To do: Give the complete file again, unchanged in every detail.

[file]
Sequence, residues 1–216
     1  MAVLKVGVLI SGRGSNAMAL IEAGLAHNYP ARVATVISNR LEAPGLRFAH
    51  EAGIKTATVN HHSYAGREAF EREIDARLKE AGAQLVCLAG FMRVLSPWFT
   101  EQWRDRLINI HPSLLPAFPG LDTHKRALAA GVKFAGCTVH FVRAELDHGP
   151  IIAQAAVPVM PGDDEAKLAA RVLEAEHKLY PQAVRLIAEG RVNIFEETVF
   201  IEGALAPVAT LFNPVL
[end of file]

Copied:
Sequence, residues 1–216
     1  MAVLKVGVLI SGRGSNAMAL IEAGLAHNYP ARVATVISNR LEAPGLRFAH
    51  EAGIKTATVN HHSYAGREAF EREIDARLKE AGAQLVCLAG FMRVLSPWFT
   101  EQWRDRLINI HPSLLPAFPG LDTHKRALAA GVKFAGCTVH FVRAELDHGP
   151  IIAQAAVPVM PGDDEAKLAA RVLEAEHKLY PQAVRLIAEG RVNIFEETVF
   201  IEGALAPVAT LFNPVL